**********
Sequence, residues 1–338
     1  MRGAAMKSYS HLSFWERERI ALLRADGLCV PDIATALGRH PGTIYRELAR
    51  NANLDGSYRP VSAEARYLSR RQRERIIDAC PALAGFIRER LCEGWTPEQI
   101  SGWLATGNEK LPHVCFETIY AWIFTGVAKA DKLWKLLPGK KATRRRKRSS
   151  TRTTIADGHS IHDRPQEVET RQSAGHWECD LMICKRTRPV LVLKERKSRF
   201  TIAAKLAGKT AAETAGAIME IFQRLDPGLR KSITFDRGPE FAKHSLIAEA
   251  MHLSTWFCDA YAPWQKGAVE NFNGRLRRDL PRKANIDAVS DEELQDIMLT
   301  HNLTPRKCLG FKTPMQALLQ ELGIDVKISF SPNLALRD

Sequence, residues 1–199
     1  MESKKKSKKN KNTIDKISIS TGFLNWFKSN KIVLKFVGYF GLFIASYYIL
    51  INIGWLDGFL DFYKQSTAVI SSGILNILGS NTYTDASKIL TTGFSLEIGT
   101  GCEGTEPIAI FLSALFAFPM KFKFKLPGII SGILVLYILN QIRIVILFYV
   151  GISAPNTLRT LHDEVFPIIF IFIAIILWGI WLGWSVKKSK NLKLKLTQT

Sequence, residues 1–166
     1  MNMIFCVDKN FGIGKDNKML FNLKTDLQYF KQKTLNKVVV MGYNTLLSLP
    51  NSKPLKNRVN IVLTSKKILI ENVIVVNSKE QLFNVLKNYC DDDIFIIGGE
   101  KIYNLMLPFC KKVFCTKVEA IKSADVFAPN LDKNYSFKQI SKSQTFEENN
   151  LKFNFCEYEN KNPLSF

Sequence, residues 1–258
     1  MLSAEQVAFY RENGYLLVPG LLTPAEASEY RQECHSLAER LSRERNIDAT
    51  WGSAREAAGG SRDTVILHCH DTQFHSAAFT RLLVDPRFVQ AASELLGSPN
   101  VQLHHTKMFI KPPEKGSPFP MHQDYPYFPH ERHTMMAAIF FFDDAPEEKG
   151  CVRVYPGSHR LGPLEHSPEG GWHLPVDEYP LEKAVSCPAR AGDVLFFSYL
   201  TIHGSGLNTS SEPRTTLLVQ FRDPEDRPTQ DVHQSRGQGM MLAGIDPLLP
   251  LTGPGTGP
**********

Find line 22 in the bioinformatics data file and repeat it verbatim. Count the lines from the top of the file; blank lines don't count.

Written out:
   101  VQLHHTKMFI KPPEKGSPFP MHQDYPYFPH ERHTMMAAIF FFDDAPEEKG